Your procurement team is central to the success of the entire company. It’s responsible for balancing costs, delivering returns, and managing relationships throughout the supply chain. To maintain these varied, and sometimes opposing goals, the procurement department must have access to data that can be used to make smart decisions quickly and effectively in an ever-changing environment.
Procurement departments are often pressed to become more efficient and to streamline processes while limiting costly errors and controlling direct and indirect spend. The </span>Deloitte 2017 CPO survey</span> found that 79% of procurement leaders listed cost reduction as a primary focus for their department. The same survey also showed that data analytics are expected to have the largest impact of any technological advancement for 65% of CPOs surveyed.
The application of data analytics to traditional procurement activities can help to transform the activities of the department, helping to streamline activities and increase efficiency in areas such as spend analytics and risk management, forecasting surges in demand, and all aspects of supplier relationship management from contract to post-transaction evaluations.
Big data can be used to transform the way that procurement conducts spend analytics. Historically, procurement teams needed to deal with multiple databases consisting of structured and unstructured data. Best of breed procurement teams need to be able to consolidate and analyze this data in one place. These insights can enable teams to combine expected changes in supply and demand with real-world environmental factors to create dynamic and scalable pricing models.
The application of big data analytics allows a procurement leader to pull together such diverse data sets including invoice unit, price variance and fulfillment, supplier and buyer information, benchmark price, and tax information into a single, comprehensive analysis. This allows procurement to seek out opportunities to reduce spend, directly affecting the bottom line of the enterprise.
For example, with the application of a spend analytics program to its $200 million annual procurement budget, </span>PPG Industries</span> was able to bring 95% of indirect spend under central visibility and control. The company also achieved a 90% supplier reduction and 10% hard dollar savings in overall costs.
Furthermore, CPO participation in mitigating risk to the enterprise</span> nearly doubled</span> from 2013-2015, and that number is expected to continue to grow. Advanced data analytics can help procurement departments to make the best spend decisions by incorporating risk analysis into the decision-making process. By synthesizing data related to pricing and compliance risk, geographical risk, and preventative measures, procurement teams can better anticipate future problems in their supply chain.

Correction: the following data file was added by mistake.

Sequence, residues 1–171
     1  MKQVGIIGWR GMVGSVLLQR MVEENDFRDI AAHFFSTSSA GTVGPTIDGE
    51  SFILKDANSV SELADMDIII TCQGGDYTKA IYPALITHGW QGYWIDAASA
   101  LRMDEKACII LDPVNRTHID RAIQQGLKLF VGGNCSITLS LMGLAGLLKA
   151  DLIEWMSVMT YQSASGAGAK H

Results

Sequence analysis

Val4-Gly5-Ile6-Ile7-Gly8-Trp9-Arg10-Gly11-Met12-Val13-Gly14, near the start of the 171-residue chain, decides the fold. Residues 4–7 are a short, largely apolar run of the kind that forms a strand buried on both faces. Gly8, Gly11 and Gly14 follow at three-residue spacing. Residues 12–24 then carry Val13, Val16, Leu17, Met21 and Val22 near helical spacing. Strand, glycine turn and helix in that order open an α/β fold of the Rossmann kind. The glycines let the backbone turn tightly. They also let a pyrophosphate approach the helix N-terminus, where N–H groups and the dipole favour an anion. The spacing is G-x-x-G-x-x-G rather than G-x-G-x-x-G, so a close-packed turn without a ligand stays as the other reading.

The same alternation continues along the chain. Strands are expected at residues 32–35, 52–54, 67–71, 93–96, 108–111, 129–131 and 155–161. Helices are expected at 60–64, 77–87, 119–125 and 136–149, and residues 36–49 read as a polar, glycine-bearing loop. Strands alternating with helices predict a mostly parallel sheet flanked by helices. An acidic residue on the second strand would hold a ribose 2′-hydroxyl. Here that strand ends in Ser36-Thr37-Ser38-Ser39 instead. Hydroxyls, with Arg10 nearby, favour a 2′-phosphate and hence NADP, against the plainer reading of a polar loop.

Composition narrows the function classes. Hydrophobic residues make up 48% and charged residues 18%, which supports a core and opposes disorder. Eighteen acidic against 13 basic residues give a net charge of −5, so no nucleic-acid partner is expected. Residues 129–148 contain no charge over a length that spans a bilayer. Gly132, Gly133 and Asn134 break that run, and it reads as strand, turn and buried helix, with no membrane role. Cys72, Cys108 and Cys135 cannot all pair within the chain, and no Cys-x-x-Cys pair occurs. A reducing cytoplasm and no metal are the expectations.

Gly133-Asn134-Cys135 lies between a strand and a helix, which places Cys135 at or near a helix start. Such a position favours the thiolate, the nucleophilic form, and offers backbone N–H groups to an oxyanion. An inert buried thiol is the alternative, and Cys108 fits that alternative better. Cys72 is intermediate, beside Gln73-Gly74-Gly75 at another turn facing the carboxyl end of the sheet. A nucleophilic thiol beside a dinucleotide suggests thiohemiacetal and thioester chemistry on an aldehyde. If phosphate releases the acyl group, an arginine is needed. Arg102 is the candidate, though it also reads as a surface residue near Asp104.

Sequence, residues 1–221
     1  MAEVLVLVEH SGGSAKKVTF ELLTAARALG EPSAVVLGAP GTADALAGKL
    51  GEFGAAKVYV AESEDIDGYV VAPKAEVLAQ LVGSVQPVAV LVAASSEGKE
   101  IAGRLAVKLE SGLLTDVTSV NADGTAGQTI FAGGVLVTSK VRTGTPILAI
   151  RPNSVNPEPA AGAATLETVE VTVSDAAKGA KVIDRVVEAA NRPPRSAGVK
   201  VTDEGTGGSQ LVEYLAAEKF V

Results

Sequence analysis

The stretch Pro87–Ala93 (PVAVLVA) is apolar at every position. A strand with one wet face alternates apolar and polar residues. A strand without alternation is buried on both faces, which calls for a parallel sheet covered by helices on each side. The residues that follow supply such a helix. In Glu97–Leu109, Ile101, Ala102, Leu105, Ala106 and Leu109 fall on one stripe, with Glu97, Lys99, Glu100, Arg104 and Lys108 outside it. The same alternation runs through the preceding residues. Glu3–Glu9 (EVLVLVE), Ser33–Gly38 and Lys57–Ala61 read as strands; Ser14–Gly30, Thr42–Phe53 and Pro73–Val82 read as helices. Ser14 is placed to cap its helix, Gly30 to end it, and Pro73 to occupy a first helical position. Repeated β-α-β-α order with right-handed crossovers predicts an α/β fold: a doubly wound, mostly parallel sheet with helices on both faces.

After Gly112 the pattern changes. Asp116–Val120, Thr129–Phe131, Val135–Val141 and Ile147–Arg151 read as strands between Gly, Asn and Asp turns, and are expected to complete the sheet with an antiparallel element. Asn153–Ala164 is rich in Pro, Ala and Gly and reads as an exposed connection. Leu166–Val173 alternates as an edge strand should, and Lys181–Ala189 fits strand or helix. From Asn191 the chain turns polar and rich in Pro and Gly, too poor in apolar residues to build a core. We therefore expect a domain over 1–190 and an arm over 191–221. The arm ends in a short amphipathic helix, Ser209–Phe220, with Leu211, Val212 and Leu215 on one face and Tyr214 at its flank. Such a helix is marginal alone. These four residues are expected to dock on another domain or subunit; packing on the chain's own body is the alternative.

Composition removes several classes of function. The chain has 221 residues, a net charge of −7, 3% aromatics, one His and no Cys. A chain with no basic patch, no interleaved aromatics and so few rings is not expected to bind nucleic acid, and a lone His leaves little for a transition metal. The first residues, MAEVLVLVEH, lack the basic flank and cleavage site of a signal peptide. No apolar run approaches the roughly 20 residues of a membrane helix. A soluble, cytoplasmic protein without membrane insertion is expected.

The ability to accurately forecast surges in demand is essential to efficient procurement activities. The procurement department that is unprepared for a change in demand will be unable to take advantage of the best prices available and may put a strain on supplier relationships struggling to meet short-term requirements. According to a study by </span>Accenture</span>, the use of data analytics increased the accuracy of demand forecasting by over 55%, leading to increased contract negotiation power for the enterprise, along with decreased chances of running low on stock during unexpected demand surges.
Surges in demand could result from cyclical factors, and occur on a fairly predictable basis. For example, retail stores expect a surge in demand on the day after Thanksgiving, signaling the beginning of the holiday shopping season. These companies ensure that in-store and online stock availability is managed in preparation for this predictable, recurring surge in demand. Last year, Wal-Mart </span>increased online inventory by over 50%</span> in anticipation of Black Friday.
On the other hand, an unexpected </span>surge in demand for butter in the UK</span> has been attributed to a combination of factors, including a series of scientific studies on the health benefits of butter versus margarine, and a trend toward home baking.
Data analytics can be used to tie together recurring and seemingly disparate environmental factors to increase accurate demand forecasting to the benefit of the procurement department and the enterprise as a whole.
Supplier relationship management
Data analytics can help a procurement team to conduct in-depth and comprehensive vendor evaluations, taking into account disparate elements such as on-time delivery, quality of goods and services, and cost. With a well-organized analytics system, vendors can be evaluated and ranked on all relevant aspects of their services and compared to one another, in order to find the most effective vendor solutions. This may include vendor consolidation or changing the level of open market transactions.
Procurement can also use advanced analytics for effective contract management, optimizing discounts and forecasting liabilities. Within the first year after implementing a data analytics program, </span>Owens Corning</span> was able to use information garnered from the system to negotiate over $2 million in savings gained from consolidating vendors, driving contract compliance, and standardizing terms and conditions in vendor contracts.
Using existing data to achieve better prices, faster order fulfillment, and automated processing can help a procurement team to control both direct and indirect spend, adding real assets to the bottom line of the enterprise.Back to the blog